FIG. 1 shows a three-dimensional floating view of the model.
FIG. 2 shows a front view of the model describing the spiral-like magnet layout. The light source is directed at the viewer and the light itself rests on a magnet (or plane) parallel to the path of light.
FIG. 3 shows a rear view of the model describing the spiral-like pattern of magnets as seen from behind. The light source is directed away from the viewer and the light itself rests on a magnet (or plane) parallel to the path of light.
FIG. 4 shows a side view of the light. The path of light travels perpendicular to the viewer, and parallel to a magnet (or plane) on which it rests.
1. Field of Invention
This invention relates to flashlights (or flashlight housings) that rest on, or adhere to, a surface from which they can direct focused light in any direction.
2. Description of Prior Art
Mechanics, trades persons, and other consumers of portable lighting are challenged by the present structure and lighting capability of flashlights. Working with two hands in dark and sometimes small spaces demands specific structural requirements: the light must be compact, easy to use, be able to adhere itself at any angle, and direct light in any direction.
Inventors have proposed many solutions attempting to satisfy these requirements. U.S. Pat. No. 4,428,033 to McBride (1982) directs light with the use of a pivotally moving socket attached to a single magnet, flexible lead system, hook, and suction cup (all in one patent!). Like so many other patented flashlights light is directed with extraneous means (ball and socket, rotating hinge, flexible snake type, etc . . . ) boosting the cost of manufacturing and difficulty for the user. Also, repeated use of these movable joints can cause damage to electrical components.
Other attempts include U.S. Pat. No. 4,564,894 to Gonzalez (1986) which employs a bracket (with angular magnets) mounted to a flashlight, but this bracket is additive to the light source and has very limited angles for directing light. U.S. Pat. No. 4,881,155 to Gahagan (1989) uses a clip and magnet combination. Again, this extraneous equipment satisfies the need to direct light, but falls short of simplicity.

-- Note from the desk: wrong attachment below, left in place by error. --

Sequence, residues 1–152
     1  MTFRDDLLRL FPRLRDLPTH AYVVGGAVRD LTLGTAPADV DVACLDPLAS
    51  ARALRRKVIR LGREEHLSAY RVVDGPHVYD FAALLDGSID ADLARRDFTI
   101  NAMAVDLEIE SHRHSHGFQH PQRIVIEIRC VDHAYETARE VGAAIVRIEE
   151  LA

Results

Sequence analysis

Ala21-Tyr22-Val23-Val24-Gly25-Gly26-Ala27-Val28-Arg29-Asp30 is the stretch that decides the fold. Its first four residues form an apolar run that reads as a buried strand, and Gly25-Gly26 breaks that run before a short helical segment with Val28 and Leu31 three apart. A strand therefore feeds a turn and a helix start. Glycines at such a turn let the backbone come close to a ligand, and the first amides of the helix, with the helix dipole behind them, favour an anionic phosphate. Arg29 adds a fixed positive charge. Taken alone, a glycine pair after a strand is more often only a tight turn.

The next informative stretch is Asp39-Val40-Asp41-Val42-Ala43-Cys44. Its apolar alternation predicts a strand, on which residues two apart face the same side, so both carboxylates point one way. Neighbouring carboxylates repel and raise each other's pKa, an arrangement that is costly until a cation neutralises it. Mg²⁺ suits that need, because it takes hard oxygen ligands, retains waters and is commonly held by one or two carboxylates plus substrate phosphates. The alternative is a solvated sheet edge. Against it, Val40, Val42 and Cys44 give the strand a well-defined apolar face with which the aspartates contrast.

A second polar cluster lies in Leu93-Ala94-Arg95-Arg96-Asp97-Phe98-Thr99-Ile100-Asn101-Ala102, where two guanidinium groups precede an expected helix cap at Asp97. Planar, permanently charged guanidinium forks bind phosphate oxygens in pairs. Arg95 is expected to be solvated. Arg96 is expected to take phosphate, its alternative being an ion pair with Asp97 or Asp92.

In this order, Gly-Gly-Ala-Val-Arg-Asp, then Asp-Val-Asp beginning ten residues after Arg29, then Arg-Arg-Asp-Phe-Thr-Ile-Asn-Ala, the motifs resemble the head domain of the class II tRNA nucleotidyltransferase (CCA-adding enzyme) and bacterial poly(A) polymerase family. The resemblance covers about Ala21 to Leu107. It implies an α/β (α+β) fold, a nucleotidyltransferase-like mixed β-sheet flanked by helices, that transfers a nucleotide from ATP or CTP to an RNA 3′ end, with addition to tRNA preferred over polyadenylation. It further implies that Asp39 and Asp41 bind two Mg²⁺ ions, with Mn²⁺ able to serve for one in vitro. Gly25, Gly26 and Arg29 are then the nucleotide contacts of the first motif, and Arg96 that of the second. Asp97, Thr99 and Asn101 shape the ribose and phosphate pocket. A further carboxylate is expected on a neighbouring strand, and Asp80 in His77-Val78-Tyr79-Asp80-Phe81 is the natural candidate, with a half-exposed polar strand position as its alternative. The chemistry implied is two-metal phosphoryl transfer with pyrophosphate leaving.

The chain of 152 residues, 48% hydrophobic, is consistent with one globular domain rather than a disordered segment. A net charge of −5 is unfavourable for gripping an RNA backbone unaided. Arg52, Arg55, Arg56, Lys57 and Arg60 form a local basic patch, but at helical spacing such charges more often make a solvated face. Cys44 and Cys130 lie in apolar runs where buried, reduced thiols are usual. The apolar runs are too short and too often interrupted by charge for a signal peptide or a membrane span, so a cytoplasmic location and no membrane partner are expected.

My proposed patent describes a compact, portable, unified form which is easy to use and difficult to damage. Its simplicity and utility clearly display the many disadvantages of other portable light patents:
A. Extraneous parts such as clips, rotating hinges, ball and socket joints, suction cups, flexible snaking types, external brackets, mounting devices and other movable joints drive up the cost of manufacturing.
B. These extraneous parts often make portable lights unbalanced and difficult to hold or carry leading to potential dropping of the light.
C. Extraneous parts can break when dropped or can damage electrical components as a result of repeated use decreasing the functional life of the light. Repeated use can also wear out movable joints rendering the light useless.
Accordingly, all noted disadvantages are remedied by the present invention, a simple unified form which does all that these other flashlights do, but without extraneous parts. The notable advantages are:
A. While the light uses the same internal electronics for a standard portable light (i.e . . . bulb, bulb shroud, rechargeable power source, miscellaneous electronic components), the casing is a unified form made to both function and protect a single mold with minimal manufacturing time and cost.
B. The size and weight of this light can be likened to a baseball. It is easily held in hand, and is well balanced so that its flat surfaces can adhere or rest the light on any surface without tipping.
C. The present invention has no extraneous parts to wear out, to break, or to damage electrical components.
Further objects and advantages (besides creating a flashlight that offers maximal durability and utility in an exceptionally convenient shape) are to provide a light that can adhere to multiple surfaces. While the ensuing drawings describe a flashlight with magnets on those surfaces which direct light, magnets need not always be employed. For non-ferrous mounting surfaces fasteners of the hook and loop type, disposable adhesive tape, eyelets (with nail to be used on wood or walls), or other adhesive substances can be used. Likewise, no adhesive technique need be used if the light is on flat horizontal surfaces.